giance to those whom he has set over us; Providence having delegated to the supreme magistrate in every country the same power for the good of men, which that supreme magistrate transfers to those several officers and substitutes who act under him, for the preserving of order and justice.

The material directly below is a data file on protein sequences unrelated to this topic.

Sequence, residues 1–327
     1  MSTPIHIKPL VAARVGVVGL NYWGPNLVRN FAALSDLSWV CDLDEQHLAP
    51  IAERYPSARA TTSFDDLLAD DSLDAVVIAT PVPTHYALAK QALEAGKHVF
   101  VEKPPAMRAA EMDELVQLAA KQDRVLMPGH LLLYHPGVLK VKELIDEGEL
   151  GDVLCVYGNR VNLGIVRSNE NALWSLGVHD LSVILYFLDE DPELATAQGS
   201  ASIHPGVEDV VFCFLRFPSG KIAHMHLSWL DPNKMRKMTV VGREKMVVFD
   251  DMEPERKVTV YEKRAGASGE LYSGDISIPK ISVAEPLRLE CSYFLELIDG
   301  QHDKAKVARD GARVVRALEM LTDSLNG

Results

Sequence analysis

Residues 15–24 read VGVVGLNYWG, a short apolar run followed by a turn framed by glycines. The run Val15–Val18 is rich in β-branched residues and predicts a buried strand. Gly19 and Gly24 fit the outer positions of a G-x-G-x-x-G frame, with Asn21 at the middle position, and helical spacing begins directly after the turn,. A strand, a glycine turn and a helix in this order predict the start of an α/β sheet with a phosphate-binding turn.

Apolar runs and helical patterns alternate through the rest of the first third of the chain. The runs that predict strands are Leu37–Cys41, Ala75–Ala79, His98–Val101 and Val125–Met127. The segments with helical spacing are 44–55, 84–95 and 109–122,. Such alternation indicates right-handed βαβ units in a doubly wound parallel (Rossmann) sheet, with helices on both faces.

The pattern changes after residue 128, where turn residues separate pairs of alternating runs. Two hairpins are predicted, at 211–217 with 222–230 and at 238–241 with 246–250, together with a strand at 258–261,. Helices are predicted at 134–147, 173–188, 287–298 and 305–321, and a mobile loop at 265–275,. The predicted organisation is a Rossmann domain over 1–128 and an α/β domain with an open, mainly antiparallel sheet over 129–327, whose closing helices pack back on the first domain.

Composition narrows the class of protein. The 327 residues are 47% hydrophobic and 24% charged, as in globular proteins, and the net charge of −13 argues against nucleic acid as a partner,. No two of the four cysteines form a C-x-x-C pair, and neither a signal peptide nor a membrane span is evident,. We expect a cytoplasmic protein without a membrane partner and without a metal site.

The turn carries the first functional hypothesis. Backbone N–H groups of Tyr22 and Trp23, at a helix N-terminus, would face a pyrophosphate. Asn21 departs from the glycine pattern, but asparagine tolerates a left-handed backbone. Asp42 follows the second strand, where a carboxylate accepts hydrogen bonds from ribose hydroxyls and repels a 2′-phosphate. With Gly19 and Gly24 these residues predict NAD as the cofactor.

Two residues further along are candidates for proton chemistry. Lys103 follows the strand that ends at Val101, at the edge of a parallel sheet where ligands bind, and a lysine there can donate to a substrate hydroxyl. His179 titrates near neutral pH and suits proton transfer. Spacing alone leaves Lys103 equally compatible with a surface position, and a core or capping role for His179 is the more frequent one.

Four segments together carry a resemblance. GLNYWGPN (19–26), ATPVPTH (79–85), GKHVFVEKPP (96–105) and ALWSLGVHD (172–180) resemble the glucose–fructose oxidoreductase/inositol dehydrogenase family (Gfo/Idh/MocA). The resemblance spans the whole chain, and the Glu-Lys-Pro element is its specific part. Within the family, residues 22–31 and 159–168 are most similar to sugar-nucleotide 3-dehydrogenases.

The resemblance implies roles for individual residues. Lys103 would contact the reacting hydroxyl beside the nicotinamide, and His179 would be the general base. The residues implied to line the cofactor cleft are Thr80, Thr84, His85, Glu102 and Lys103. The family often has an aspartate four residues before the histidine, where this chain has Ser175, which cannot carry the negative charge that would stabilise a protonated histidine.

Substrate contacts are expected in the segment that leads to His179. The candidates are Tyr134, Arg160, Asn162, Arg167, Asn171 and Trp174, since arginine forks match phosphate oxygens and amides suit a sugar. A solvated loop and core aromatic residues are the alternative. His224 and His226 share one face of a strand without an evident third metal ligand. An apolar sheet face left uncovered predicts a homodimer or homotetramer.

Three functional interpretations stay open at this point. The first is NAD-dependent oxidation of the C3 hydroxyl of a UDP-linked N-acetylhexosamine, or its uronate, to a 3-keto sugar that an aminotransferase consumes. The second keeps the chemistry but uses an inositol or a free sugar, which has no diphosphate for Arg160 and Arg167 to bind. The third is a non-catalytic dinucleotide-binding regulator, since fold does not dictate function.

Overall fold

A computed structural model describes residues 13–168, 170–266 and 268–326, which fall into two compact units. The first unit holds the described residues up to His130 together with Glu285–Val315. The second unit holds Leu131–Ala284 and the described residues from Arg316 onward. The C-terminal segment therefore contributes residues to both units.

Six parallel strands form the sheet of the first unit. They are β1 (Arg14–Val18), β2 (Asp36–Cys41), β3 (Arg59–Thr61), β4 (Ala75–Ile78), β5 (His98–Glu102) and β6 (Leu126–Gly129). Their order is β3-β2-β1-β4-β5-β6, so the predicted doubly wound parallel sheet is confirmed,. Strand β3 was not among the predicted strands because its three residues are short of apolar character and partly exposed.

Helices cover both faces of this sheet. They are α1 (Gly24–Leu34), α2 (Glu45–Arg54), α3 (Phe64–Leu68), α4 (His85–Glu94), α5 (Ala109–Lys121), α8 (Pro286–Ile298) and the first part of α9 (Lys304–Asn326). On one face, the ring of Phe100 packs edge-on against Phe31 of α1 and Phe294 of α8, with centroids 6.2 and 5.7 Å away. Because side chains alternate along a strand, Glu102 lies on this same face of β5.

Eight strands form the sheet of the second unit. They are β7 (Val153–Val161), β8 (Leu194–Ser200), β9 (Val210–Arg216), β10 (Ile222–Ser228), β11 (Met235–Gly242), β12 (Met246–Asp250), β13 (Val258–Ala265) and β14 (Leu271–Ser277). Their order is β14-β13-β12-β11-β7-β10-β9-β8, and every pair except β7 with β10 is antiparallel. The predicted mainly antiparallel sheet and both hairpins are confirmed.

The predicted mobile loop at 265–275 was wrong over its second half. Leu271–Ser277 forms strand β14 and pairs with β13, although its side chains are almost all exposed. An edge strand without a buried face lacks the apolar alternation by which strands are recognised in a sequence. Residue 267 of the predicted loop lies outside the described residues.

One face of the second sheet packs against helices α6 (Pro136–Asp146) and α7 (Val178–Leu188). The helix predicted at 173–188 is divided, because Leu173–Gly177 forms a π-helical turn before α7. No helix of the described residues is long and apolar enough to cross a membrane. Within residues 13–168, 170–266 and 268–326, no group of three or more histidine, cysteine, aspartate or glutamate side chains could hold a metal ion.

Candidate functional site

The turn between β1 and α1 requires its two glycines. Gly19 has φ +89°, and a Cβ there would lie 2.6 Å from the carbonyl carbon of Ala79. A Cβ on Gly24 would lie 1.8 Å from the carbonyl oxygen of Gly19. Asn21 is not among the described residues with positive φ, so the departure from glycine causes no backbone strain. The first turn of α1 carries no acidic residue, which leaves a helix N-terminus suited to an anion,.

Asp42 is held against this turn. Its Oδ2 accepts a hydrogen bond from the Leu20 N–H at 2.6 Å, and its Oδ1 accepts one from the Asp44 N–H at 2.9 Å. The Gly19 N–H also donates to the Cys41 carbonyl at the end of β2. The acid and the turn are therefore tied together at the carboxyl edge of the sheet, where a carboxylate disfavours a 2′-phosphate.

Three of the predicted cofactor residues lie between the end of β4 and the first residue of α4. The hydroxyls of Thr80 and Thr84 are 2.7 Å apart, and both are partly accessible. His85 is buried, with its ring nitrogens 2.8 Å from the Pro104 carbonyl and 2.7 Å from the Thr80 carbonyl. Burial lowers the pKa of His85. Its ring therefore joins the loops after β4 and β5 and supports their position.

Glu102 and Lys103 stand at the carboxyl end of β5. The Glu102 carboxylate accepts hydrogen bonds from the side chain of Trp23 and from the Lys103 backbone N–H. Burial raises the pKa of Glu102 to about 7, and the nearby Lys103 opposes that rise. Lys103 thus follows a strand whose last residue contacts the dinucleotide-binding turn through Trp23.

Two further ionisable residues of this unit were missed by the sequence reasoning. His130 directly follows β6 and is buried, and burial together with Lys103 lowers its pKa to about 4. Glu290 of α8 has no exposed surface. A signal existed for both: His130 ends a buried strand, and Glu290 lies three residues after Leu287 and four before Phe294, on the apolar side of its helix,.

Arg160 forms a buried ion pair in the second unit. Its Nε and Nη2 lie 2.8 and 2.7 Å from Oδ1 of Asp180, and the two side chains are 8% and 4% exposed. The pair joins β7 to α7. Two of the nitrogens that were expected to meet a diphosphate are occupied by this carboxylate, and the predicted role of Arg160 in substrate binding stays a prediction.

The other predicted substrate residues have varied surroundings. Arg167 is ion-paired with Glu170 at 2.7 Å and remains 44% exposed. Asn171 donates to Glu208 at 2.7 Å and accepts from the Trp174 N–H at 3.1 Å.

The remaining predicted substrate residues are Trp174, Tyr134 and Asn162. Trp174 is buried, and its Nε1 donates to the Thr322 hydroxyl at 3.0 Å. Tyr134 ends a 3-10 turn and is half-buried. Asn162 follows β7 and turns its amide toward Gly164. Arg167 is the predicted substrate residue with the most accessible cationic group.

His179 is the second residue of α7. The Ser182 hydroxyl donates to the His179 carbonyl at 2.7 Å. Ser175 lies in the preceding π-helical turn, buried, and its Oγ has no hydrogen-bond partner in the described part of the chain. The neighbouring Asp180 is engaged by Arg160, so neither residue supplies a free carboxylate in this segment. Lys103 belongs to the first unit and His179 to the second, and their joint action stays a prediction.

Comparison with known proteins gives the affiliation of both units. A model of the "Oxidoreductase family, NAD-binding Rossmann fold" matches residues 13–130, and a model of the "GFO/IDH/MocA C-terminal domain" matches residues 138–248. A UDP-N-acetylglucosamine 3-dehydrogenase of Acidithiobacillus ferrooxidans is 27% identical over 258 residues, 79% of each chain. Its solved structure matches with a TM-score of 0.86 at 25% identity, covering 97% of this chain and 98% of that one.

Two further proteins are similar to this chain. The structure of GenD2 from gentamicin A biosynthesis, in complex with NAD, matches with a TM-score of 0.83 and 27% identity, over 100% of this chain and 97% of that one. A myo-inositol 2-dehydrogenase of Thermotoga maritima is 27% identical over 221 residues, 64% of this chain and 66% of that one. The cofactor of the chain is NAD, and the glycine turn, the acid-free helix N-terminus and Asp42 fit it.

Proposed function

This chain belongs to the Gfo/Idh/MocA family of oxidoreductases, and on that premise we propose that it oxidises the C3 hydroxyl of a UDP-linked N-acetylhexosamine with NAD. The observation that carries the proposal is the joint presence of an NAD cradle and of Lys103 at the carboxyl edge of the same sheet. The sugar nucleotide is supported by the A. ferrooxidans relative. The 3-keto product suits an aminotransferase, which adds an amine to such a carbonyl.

Now, if we take a view of the present rebellion, which is formed against his majesty, we shall find in it all the guilt that is naturally inherent in this crime, without any 'single circumstance to alleviate it. Insurrections among a people, to rescue themselves from the most violent and illegal oppressions; to throw off a tyranny that makes property precarious, and life painful; to preserve their laws and their religion to themselves and their posterity; are excused from the necessity of such an undertaking, when no other means are left for the security of every thing that is dear and valuable to reasonable creatures. By the frame of our constitution, the duties of protection and allegi ance are reciprocal; and, as the safety of a community is the ultimate end and design of government, when this, instead of being preserved, is manifestly destroyed, civil societies are excusable before God and man, if they endeavour to recover themselves out of so miserable a condition. For, in such a case, government becomes an evil instead of a blessing, and is not at all preferable to a state of anarchy and mutual independence. For these reasons, we have scarce ever yet heard of an insurrection that was not either coloured with grievances of the highest kind, or countenanced by one or more branches of the legislature. But the present rebellion is formed against a king, whose right has been established by frequent parliaments of all parties, and recognised by the most solemn oaths ; who has not been charged with one illegal proceeding; who acts in perfect concert with the lords and commons of the realm; who is famed for his equity and goodness, and has already very much advariced the reputation and interest of our country.